The news item, tucked in as it was in one innocuous corner of the newspaper, just a couple of days back, had gone largely unnoticed. Hemmed in between stories of corruption in high places and promises of El Dorado’s of every kind, it proclaimed how one of the major private sector banks had introduced on that day, “software robotics to power its banking operations.” Bland, inoffensive and tepid, it did not make the waves, but it will be wrong if we ignore it, for, it is a harbinger of things to come – things that will certainly turn our Banking and Financial Services sector in its head. For, artificial intelligence led automation may well be the next game changer in the industry segment and is in fact all set to usher in a change that will be nothing but tectonic in its impact.
Robotic Process Automation systems are capable of processing and generation unthinkable amounts of information and are capable of automating entire processes and workflows with built-in capabilities of learning and adapting as they proceed. Collecting, analyzing and taking value decisions based on the data available in its domain may be the entry point of these “machines”, as they seek to reduce the burden of menial and repetitive jobs, thereby making a qualitative difference in the efficiency levels of the organisations employing them. However, once deployed, the move to the secondary and tertiary sectors will be rapid as these systems prove their efficacies and are preferred over humans for the performance of low value-added services.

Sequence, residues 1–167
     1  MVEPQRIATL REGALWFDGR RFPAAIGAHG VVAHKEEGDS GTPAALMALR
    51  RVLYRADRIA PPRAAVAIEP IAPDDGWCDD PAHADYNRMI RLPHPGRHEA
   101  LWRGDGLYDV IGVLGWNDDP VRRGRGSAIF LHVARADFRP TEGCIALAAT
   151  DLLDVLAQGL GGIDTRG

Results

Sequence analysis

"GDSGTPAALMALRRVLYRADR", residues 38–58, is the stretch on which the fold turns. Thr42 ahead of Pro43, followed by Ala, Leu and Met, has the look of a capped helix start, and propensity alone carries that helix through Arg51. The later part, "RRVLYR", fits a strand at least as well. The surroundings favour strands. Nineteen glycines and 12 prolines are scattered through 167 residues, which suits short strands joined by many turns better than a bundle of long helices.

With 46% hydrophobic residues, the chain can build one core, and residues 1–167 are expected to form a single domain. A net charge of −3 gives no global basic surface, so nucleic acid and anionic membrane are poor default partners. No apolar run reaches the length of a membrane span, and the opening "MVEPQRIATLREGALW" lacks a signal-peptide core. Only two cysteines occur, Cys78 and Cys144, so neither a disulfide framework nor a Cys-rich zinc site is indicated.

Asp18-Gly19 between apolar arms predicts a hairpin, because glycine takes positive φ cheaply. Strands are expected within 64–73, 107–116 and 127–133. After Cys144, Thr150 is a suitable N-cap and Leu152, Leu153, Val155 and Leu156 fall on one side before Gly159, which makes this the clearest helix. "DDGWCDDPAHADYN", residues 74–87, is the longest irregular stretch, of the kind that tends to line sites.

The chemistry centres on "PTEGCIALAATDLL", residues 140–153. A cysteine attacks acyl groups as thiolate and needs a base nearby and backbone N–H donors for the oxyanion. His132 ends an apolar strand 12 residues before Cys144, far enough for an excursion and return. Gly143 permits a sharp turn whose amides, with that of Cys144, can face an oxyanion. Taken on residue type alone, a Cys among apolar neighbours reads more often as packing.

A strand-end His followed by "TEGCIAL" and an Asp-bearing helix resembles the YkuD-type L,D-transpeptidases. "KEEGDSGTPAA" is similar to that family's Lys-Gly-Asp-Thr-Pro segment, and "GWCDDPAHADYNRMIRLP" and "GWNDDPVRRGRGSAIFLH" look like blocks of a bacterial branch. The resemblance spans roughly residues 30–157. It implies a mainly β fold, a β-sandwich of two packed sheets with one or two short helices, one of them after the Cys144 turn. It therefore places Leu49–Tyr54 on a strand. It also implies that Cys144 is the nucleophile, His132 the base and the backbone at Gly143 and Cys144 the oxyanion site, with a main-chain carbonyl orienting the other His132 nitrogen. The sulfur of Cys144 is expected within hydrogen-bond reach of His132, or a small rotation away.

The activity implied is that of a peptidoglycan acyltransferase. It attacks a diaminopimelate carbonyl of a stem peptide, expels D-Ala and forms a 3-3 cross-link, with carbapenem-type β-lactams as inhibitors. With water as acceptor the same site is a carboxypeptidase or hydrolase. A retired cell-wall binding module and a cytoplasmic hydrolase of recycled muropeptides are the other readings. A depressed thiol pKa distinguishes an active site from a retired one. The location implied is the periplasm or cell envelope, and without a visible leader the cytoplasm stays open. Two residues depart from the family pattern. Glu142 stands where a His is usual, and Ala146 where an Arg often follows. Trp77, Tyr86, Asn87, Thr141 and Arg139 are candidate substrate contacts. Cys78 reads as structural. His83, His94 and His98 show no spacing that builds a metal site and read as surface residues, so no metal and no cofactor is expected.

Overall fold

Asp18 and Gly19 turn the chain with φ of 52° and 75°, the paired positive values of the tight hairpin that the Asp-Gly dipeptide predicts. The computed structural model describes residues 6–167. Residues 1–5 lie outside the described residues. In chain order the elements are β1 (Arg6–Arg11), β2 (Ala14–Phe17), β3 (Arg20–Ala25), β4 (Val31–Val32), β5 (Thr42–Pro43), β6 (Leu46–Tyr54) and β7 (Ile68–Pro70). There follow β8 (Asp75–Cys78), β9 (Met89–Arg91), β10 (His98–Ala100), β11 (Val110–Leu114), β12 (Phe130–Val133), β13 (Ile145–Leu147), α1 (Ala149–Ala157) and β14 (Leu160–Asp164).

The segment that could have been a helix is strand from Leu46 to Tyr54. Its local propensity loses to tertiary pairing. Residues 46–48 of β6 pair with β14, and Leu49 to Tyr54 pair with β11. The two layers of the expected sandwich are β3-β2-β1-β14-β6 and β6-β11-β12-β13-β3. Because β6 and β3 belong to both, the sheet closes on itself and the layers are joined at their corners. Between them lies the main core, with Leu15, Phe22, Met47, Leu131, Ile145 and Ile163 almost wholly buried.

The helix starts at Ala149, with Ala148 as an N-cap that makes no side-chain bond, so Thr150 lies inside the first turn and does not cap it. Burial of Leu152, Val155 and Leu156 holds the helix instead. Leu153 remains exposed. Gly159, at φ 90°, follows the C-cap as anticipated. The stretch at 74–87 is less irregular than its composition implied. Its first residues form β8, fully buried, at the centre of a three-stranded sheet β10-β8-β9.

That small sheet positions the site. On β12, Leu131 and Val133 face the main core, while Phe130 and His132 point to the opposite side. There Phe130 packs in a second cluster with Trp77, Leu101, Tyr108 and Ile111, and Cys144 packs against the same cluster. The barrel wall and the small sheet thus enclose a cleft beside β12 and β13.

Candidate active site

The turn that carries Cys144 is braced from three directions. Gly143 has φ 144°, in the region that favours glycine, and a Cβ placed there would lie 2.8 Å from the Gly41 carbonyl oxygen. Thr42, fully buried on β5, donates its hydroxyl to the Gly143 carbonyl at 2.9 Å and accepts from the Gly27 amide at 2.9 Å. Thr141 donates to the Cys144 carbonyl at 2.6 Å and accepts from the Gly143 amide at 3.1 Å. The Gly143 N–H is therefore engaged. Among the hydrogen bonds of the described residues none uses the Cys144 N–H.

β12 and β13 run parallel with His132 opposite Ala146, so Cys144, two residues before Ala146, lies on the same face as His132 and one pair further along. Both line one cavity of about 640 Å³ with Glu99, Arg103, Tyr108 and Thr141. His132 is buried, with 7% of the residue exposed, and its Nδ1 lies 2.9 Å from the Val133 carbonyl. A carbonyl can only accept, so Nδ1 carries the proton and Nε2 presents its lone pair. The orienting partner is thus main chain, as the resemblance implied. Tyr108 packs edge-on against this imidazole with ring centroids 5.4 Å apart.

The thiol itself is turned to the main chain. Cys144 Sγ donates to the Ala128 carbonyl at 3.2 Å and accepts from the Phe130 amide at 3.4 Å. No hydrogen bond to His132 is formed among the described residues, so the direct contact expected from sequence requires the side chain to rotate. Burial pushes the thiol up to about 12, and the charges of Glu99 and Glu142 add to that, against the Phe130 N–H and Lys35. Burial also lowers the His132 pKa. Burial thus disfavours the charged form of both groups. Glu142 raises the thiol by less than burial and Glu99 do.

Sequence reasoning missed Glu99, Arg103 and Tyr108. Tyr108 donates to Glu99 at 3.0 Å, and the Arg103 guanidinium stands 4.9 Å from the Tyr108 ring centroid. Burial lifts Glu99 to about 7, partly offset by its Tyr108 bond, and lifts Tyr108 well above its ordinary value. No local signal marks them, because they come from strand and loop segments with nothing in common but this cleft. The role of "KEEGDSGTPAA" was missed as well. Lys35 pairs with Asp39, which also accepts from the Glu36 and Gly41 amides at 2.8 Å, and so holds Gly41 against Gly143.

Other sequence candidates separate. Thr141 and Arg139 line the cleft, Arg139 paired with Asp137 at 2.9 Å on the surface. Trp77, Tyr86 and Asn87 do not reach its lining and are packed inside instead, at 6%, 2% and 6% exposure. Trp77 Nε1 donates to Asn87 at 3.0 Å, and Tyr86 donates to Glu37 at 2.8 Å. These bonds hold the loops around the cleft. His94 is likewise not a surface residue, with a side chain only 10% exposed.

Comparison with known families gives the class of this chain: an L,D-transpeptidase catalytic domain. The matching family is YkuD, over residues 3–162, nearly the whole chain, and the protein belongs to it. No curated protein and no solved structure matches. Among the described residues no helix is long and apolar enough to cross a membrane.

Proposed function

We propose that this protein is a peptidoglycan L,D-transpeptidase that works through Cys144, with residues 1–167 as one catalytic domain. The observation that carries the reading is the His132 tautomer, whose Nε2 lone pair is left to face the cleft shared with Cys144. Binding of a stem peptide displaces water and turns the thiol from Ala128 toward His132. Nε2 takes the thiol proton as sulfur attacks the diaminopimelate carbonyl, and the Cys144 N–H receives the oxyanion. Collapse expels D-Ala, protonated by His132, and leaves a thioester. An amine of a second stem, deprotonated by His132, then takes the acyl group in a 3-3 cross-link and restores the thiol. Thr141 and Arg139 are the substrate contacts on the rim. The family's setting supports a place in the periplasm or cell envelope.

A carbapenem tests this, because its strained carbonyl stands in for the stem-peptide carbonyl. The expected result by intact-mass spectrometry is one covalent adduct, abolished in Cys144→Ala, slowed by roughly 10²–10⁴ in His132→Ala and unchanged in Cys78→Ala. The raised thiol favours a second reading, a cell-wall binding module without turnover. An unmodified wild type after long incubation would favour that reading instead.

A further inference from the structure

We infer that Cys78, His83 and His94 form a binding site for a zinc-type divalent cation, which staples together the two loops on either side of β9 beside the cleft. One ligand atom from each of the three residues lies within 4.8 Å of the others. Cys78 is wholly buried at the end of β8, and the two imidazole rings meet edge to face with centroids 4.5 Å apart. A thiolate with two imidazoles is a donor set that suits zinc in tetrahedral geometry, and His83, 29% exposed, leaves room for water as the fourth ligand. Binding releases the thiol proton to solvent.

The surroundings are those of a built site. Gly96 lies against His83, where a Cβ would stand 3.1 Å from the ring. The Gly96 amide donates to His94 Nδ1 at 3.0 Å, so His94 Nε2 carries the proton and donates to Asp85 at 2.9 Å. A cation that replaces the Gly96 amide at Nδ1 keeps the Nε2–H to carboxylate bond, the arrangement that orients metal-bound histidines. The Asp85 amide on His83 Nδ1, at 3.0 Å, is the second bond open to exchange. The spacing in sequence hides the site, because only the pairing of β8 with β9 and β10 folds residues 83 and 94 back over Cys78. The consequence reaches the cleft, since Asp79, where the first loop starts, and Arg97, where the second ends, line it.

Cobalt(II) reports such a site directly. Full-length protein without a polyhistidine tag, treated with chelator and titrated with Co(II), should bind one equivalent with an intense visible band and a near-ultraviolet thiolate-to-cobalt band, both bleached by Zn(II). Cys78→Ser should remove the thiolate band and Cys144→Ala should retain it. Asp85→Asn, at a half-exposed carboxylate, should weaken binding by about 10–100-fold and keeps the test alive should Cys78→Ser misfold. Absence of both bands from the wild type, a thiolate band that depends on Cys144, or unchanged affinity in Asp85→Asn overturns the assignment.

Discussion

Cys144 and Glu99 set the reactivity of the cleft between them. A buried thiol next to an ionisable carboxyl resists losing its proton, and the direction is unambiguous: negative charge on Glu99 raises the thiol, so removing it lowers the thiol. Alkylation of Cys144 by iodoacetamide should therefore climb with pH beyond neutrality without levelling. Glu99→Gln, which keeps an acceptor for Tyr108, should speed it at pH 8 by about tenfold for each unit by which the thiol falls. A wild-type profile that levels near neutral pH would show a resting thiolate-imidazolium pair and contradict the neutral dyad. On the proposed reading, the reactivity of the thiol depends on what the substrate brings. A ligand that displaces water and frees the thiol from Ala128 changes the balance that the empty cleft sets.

Take credit cards for example. With the huge transactional data that is already in the possession of the banks, Artificially Intelligent systems can discern trends that will not be easily apparent to the human eyes. The more data they are allowed to process, the better will become their ability of search and detect – which will ultimately lead them not only to red flag fraudulent transactions, but even predict them before they actually take place. With the necessary wherewithal, and this technology too is well within the ambit of deployment, they can even reach out and ensure punitive actions. And mind you, this data is not just about cold printed sheets with undecipherable figures, but also video and voice, and every other conceivable pieces of information, in every possible format.
Then there is Autonomics – where the machine observes how a trained human responds to a certain issue to take it to its natural resolution and mimics his decision making process. The machine can perform the job of a human at a fraction of the cost, that too, on a 24 X 7 basis and without the attending risks of human errors.
Machine Vision or Computer Vision technologies will also be increasingly playing greater roles in banking automation in the future. Face Recognition is the simplest way this technology is being put to use and indications are already there that their use will explode in the near future. Micro printed security codes, fluorescent bars, watermarks – the machines will not only add to the layers of security by mimicking our brains but will do one up on us, every time, unfailingly and with military precision.